This week we had our first in-person meditation session at the 4th UU church in over a year and a half. Tesshin was pleased by the number of people coming out and sitting Zazen together. (Photos on our Events Page!)
Tesshin noted that when he was a monk in Japan there was a large 2-volume book which recorded the procedure for every ceremony and practice which could occur at the temple. The volumes covered everything from how to eat, wash, dress, manage a Zazen session to holding funerals. However, there existed no procedure to generate enlightenment or to nurture a Sangha through difficult times. We can look to wise teachers of the past, but at the end of the day, skillful actions must emerge from each of our hearts.
Tesshin next mentioned that every thought and action we take can be imagined as a lotus blooming with a Buddha at the center. He further explained that this means that our thoughts and deeds can be our greatest teacher – especially in uncertain times like these. Our first practice together looked different than it did in the past. For example, we were outside and we still have not really figured out how to the tea service safely. We can look at this as a challenge, or we can look at our thoughts, expectations, and reactions as a way to understand ourselves and our desires more clearly. Deep learning is the spirit which we take in restarting our face-to-face practice together.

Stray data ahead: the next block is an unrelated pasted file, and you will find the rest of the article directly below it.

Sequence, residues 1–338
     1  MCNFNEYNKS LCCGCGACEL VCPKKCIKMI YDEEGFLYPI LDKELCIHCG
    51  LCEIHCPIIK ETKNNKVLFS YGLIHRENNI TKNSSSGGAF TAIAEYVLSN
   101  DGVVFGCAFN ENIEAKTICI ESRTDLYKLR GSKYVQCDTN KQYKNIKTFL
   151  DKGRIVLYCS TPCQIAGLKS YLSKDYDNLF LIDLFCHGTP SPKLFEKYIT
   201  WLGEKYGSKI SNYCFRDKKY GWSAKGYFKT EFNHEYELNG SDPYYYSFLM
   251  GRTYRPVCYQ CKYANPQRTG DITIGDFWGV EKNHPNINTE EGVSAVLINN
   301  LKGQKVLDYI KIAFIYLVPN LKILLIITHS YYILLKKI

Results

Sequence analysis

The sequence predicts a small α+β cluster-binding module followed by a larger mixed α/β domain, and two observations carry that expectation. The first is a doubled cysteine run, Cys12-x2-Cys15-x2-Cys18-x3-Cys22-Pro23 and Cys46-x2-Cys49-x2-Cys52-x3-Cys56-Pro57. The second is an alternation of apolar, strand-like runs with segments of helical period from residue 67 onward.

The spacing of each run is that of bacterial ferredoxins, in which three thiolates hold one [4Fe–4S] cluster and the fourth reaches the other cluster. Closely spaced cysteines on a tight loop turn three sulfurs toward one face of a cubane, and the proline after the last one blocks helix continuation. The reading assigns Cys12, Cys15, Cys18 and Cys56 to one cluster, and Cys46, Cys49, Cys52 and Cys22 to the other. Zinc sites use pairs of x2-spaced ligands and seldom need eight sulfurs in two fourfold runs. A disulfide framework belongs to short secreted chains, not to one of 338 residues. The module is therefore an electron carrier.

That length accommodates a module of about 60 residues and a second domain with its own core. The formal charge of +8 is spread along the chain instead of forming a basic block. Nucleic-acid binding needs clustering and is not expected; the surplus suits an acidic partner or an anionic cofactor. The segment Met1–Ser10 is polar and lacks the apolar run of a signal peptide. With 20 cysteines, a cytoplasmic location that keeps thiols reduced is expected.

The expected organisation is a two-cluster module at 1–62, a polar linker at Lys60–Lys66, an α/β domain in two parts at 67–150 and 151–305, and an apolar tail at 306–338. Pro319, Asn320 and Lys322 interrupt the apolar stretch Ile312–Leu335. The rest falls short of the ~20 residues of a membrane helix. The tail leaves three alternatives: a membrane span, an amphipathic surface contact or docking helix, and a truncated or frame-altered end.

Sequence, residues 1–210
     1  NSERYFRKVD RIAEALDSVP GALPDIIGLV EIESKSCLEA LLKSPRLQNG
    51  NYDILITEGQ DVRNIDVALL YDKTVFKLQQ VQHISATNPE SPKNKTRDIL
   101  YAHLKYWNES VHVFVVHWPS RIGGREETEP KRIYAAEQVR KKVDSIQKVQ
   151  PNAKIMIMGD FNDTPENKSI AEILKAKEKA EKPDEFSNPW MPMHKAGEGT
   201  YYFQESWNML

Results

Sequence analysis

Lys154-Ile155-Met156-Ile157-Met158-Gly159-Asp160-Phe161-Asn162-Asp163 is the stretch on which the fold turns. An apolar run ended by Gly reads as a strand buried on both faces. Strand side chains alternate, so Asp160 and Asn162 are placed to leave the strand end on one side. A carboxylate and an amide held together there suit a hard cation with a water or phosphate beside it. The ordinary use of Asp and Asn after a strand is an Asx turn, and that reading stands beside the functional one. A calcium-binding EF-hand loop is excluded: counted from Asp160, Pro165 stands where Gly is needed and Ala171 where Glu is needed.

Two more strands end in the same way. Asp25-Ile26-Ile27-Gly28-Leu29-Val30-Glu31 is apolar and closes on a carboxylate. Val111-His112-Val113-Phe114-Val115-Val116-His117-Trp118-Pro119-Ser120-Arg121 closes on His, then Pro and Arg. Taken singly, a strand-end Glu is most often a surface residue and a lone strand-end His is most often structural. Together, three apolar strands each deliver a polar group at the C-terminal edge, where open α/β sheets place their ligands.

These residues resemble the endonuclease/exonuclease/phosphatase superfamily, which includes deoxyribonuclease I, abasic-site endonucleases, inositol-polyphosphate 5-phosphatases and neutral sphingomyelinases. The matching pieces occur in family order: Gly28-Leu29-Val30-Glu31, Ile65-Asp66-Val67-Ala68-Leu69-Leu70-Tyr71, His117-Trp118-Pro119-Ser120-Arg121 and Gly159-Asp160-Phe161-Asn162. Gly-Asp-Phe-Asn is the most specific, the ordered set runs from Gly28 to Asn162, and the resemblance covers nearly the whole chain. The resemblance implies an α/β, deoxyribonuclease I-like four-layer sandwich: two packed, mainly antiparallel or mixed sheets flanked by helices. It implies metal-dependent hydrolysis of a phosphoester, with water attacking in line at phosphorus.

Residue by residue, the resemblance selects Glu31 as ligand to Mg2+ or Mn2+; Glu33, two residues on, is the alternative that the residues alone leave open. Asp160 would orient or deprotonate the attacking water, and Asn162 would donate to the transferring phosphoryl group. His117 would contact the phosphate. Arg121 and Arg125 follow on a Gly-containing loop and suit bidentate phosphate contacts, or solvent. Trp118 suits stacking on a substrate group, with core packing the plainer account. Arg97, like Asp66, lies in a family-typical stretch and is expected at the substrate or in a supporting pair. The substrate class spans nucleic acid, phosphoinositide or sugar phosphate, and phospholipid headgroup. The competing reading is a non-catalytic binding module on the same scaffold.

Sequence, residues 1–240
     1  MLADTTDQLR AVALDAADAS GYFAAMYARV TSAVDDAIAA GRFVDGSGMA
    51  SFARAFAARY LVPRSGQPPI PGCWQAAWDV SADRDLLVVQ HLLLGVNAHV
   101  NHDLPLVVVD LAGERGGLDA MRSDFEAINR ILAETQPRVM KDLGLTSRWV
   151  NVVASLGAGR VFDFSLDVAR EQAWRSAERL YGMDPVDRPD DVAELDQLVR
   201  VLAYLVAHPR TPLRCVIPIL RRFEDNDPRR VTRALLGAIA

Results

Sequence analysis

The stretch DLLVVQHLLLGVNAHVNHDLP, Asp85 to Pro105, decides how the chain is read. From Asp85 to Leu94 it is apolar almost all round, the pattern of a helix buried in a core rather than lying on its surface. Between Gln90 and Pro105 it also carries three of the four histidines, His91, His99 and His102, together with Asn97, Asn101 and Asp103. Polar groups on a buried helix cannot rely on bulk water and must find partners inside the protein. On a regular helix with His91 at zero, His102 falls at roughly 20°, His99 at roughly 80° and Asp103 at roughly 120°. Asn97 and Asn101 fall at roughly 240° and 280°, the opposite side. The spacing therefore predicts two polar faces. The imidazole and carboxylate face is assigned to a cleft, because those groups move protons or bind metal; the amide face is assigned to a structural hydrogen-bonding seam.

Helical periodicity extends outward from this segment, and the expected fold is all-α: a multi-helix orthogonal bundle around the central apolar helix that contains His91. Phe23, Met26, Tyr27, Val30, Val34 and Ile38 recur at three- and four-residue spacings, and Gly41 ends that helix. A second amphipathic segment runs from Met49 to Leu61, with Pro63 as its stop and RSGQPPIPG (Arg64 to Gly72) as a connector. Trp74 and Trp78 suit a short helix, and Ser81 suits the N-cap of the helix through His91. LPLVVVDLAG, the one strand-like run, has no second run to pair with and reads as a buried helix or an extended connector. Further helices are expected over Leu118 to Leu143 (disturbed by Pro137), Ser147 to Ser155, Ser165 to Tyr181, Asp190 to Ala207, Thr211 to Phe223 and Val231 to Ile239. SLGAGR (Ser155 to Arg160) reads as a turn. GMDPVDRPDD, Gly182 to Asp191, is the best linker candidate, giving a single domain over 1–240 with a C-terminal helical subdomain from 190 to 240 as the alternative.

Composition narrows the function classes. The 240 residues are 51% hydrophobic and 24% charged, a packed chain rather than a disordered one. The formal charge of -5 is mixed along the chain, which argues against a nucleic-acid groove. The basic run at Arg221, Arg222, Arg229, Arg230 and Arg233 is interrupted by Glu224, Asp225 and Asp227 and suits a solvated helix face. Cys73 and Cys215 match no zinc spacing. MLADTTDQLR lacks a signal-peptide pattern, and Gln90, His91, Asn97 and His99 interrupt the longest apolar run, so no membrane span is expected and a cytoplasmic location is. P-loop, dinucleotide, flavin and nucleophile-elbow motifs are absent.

Along these lines, Tesshin asked the group to contemplate our emotions. For instance, we talk a lot in Buddhism about the poison of anger. Anger most likely arose as an evolutionary skill. Do you notice a certain clarity when you are angry? We may think, “I am right in this and they are wrong!” There is no gray when we are angry – it is all black and white! We should contemplate whether the perception of clarity is the truth or just another delusion we suffer. We typically think after anger subsides that this is not really who we are. Here our true nature is acting as our teacher. The focus and energy of strong emotion does bring clarity, but upon further inspection we understand that it also brings delusion. Tesshin reminded us of this as we experience the strong emotions around Covid and finally coming back together to practice together.